In architecture, “eclecticism” is defined as a current that aims at mixing the best stylistic elements present in the various architectural movements. The movement was born in England in 1700, then in the following century it spread widely to the rest of Europe, eventually reaching southern Italy as well. In its initial phase, European architectural eclecticism drew its ideas from different historical periods, with the birth of neo-Greek architecture, followed by the neo-Renaissance and then by the neo-baroque, but over the years the interpreters of eclecticism sought the their inspiration not elsewhere in time but in space, in the architecture of distant and exotic places, hence the Neo-Moorish and Neo-Egyptian architecture, but there was also no lack of Chinese and Indian influences.

What we will look at more closely is the neo-Moorish style, which left splendid traces in the Salento peninsula, but which arrived in the West primarily in France, following Napoleon's expedition to Egypt in 1798, and later developed in England and in other European countries, also due to colonialism in the East. Among the most distinctive elements of Moorish architecture we note the presence of circular domes, generally surmounted by a pointed spire, the use of bright colors and a large amount of intricate decorative motifs.

One of the most shining examples of this style in Salento is undoubtedly Villa Sticchi in Santa Cesarea Terme, a splendid building set in one of the most beautiful corners of the entire southern coast of the Adriatic, majestic and immediately recognizable even from far away, for reasons functional as well as aesthetic: the imposing central pagoda, in fact, which makes its profile so unmistakable, at the time was also designed to reflect the sunlight and become a beacon for ships sailing off the coast. This private residence can be considered a real icon of the local area, it was completed in 1894 on the ambitious project of the engineer Giuseppe Ruggeri, who signed many other Moorish residences on the two coasts of Salento, including the one he occupied as his own residence. in Leuca, or Villa La Meridiana, with an octagonal plan and also unmistakable from the outside due to its lively red and yellow parallel bands.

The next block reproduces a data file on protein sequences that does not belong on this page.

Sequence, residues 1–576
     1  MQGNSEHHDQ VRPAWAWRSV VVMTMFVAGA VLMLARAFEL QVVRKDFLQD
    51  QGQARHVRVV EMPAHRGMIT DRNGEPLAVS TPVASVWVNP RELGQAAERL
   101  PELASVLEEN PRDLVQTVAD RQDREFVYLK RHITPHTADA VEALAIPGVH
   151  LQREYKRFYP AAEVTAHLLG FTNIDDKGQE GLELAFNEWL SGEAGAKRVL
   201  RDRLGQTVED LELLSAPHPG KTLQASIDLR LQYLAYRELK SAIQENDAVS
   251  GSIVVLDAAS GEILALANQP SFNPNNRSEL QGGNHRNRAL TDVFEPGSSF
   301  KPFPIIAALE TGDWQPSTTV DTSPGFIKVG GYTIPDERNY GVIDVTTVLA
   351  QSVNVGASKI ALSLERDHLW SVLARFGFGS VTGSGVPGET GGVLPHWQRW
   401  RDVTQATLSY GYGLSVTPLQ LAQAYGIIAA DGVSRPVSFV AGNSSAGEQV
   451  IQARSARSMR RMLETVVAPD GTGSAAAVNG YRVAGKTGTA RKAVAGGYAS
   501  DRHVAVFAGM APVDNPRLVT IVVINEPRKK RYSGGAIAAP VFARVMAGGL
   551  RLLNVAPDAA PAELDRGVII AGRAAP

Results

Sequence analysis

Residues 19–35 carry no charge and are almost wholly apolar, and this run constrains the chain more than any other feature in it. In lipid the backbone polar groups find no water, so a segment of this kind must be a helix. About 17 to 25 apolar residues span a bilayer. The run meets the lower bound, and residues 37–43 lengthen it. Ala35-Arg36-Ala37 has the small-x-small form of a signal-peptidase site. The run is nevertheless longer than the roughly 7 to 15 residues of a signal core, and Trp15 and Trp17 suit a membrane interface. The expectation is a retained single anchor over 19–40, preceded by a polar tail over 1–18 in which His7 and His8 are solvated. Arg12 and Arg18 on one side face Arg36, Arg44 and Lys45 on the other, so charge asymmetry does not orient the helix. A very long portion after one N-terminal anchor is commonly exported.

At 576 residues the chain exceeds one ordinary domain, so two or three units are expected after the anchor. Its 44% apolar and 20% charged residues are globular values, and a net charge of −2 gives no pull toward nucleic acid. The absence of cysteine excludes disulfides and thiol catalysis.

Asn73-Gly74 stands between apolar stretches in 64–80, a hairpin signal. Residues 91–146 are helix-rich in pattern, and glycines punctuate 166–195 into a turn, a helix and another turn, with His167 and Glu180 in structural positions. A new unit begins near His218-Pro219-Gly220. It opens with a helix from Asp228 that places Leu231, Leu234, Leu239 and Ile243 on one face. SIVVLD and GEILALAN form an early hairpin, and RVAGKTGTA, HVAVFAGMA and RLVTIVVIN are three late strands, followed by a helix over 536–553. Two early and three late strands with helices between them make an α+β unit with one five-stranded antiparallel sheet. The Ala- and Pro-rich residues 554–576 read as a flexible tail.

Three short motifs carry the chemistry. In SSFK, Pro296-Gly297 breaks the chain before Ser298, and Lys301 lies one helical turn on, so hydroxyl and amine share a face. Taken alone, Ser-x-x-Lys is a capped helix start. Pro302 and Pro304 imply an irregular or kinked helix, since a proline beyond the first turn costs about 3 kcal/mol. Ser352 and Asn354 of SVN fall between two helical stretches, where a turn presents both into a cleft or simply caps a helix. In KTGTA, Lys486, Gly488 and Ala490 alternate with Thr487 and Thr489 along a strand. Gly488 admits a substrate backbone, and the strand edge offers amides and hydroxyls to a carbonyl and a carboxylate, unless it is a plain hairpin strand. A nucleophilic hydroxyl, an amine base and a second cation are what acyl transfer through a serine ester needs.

Another very interesting case is that of the “Eclectic Villas of the Cenate”, which take their name from the place where they were built, the Cenate in fact. These stately villas were designed and built between the end of the nineteenth century and the beginning of the next, in the midst of the "eclectic period" and we can admire them on the roads that lead from Nardò to the marinas of Santa Maria al Bagno and Santa Caterina. Walking or cycling through these country roads suddenly, in the middle of the characteristic olive trees, these precious baroque villas appear, in Art Nouveau style or even here in neo-Moorish style, as in the case of the beautiful Villa Saetta (now De Michele) and Villa Cristina dei Personè (now De Benedittis).

This desire to experiment and enrich the local landscape with exotic motifs and shapes was not limited to the coast but also took hold in the city of Lecce, only that while for the summer residences you could indulge yourself in the decorations, especially with the colors, city ​​eclecticism took on less pronounced tones. In Lecce, however, there are some examples of nineteenth-century villas resulting from the architectural eclecticism of the period, almost all along the avenues created at the end of the nineteenth century in place of the newly demolished sixteenth-century walls. Interesting for the variety of architectural characters is Villa Bray, in neo-Moorish style, with an inscription in Arabic characters under the cornice, decorated with horizontal yellow and red bands: on the first floor the windows have horseshoe arches, on the second the arches are Byzantines, on the pointed arch gate. Villa Indraccolo also has oriental-style decorations. Another example of eclecticism declined according to local taste is Villa Himera, whose friezes are carved in Lecce stone.